The Assembly Republican proposal will generate $11 billion in one-time funds, and $2.4 billion annually for local transportation projects.
Q:How will it be determined which projects get funded?
The California Transportation Commission will determine which state projects get funded, by their normal course of action. This is the process by which projects were funded in the last infrastructure bond package in 2006.Local transportation projects will be determined by the local transportation authorities.
Q:How will you pay for your proposal?
The Assembly Republican plan would be paid for in three ways:
Repaying transportation funds seized by the state during recent tough budget years ($2.5 billion in one-time funds). The proposal asks for unanticipated funding to be used to pay back transportation funds after education receives its share.
Asking the voters to decide whether to rededicate the proceeds of the high-speed rail bond to local transportation projects ($8.5 billion in one-time funds).
Dedicating gas tax dollars to fund transportation projects ($2.4 billion annually).
Q: Is this proposal a 2014-15 budget proposal?
No, this proposal is phased in over several years. The transportation loan repayment is paid with unanticipated funds (in the 2012-13 budget there was $2.8 billion in unanticipated funding). The dedication of gas taxes to transportation infrastructure improvements would begin in 2015-16 and the dedication of vehicle weight fees would begin in 2016-17. The high-speed rail provisions would have to go back to the voters before money could be expended. This phased-in approach will allow the Governor and the Legislature to build a budget that puts job creation first without reducing funding for other vital programs.
Q: How many jobs will your proposal create? How will your proposal benefit the economy?
It is estimated that the Assembly Republican proposal will create up to 108,000 California jobs and grow the economy by up to $140 billion.
Q: Californians have already voted on high-speed rail. Why should they be asked to vote again?
The high-speed rail project that voters narrowly approved back in 2008 is not the project that is being carried out today.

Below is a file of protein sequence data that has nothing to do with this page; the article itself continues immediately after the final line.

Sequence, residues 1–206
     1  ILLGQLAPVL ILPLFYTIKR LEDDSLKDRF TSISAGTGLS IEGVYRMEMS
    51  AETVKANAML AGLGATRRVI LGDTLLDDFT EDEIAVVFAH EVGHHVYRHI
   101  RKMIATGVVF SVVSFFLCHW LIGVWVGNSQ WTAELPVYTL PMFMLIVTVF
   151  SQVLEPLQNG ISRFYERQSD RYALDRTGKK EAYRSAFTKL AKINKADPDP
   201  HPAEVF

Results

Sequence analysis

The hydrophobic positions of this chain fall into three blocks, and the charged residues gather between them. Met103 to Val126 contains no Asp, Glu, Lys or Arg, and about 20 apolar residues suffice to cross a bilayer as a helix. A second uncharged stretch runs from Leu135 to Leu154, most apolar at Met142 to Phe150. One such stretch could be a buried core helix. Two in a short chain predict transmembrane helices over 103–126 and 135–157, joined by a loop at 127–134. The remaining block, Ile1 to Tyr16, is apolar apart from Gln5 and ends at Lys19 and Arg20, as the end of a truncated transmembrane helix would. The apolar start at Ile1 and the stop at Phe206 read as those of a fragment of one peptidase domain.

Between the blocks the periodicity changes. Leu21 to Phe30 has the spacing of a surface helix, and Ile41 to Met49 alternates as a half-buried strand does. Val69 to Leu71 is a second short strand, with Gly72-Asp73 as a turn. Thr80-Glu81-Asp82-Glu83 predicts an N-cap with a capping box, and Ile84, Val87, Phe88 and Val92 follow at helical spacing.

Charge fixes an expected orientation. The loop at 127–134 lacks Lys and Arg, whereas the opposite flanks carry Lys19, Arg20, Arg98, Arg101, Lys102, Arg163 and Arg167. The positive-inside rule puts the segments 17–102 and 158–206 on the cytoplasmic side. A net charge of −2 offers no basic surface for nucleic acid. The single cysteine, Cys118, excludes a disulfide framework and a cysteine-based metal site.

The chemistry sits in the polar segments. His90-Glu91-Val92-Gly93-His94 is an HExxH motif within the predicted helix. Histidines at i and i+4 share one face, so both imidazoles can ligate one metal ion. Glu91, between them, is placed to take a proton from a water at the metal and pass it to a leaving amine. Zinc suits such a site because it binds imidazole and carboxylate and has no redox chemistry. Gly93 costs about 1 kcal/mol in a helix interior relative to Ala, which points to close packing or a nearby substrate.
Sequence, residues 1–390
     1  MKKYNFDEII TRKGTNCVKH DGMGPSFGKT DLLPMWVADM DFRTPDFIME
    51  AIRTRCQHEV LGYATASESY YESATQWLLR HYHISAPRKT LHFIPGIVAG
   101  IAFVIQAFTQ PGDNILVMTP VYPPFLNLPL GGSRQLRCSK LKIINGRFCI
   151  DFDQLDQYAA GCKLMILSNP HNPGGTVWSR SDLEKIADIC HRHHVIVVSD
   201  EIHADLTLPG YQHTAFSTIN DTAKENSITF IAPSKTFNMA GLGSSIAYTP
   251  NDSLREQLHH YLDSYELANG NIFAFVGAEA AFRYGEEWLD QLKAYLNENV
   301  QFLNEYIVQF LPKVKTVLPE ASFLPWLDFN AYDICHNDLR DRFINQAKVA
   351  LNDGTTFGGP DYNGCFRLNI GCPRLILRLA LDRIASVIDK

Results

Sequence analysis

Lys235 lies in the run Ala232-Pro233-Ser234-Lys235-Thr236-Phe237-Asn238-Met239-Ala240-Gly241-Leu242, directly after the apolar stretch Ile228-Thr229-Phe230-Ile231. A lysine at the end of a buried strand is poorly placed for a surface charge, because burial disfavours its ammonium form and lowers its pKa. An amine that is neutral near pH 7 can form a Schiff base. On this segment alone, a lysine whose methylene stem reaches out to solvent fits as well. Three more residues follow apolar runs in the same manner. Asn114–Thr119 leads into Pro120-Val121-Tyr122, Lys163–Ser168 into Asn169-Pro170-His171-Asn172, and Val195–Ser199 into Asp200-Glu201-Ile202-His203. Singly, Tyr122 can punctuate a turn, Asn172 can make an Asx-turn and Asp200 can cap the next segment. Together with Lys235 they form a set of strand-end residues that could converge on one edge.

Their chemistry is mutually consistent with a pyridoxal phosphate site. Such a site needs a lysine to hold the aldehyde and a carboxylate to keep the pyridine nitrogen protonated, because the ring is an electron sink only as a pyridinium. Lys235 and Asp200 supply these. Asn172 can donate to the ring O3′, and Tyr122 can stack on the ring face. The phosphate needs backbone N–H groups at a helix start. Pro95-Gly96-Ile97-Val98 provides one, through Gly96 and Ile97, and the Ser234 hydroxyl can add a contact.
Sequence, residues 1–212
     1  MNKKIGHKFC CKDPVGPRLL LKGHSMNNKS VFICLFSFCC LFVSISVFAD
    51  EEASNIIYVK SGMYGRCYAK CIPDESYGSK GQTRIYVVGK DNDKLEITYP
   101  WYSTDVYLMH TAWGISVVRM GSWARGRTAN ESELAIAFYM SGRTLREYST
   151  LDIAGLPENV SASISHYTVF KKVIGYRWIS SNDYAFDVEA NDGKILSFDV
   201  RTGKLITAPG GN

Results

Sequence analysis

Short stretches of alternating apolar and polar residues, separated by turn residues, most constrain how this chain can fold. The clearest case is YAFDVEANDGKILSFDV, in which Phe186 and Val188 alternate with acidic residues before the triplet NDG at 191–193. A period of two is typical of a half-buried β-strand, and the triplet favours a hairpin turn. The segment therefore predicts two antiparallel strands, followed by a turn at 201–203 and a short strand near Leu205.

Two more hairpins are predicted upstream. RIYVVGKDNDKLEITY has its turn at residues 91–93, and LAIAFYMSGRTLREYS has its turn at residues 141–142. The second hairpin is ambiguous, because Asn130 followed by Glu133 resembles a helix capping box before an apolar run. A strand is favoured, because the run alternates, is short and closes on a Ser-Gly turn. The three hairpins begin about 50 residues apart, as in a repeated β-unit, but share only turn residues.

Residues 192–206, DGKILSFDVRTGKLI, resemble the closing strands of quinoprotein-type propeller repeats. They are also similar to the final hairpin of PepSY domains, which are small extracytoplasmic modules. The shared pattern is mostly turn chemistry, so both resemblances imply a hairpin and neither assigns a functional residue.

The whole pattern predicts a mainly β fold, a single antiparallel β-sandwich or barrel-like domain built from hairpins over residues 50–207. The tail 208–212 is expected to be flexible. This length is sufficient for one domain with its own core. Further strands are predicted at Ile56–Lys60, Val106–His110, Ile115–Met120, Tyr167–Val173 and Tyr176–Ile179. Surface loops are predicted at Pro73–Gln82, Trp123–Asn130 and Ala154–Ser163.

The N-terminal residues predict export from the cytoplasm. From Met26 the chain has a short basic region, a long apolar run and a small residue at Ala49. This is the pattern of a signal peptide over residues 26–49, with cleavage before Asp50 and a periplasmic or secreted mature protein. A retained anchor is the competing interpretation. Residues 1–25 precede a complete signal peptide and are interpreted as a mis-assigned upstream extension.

Back then, voters were promised that they would only have to pay a third of the project’s cost – with the rest coming from the federal government and private investment. To date, no real private investment has materialized, funding from Washington is questionable at best and the entire project has been threatened by current court decisions. Project costs have ballooned from an initial estimate of $33 billion to as high as $98.5 billion.
It’s clear that the high-speed rail project won’t happen without taxpayers footing the bill for the vast majority of costs. We believe the voters should be asked to decide whether rebuilding California’s roads, highways, bridges, and ports is a wiser investment than high-speed rail.
Q: Won’t this program reduce money available for other programs or reduce funding for a rainy day?
This is a strategic investment program. Improving our road and rail system with an eye on job creation will add tax revenue.
Q: How does this proposal compare to Proposition 42 which was passed by the voters?
Proposition 42 was passed by the voters in 2009 with 69% of the vote and dedicated the sales tax on gasoline to transportation programs. In hard budget times, the Legislature diverted this funding to the state general fund. This proposal would restore the original intent of Proposition 42 by dedicating fuel taxes to state and local transportation projects. One significant change from Proposition 42 is that spillover funding will be directed to local streets and road repair and construction instead of augmenting local transit budgets. This will result in an additional $1 billion for local streets and roads annually.
Q: Does this proposal shortchange transit funding?
No. This proposal maintains transit funding at the level adopted over the last few years.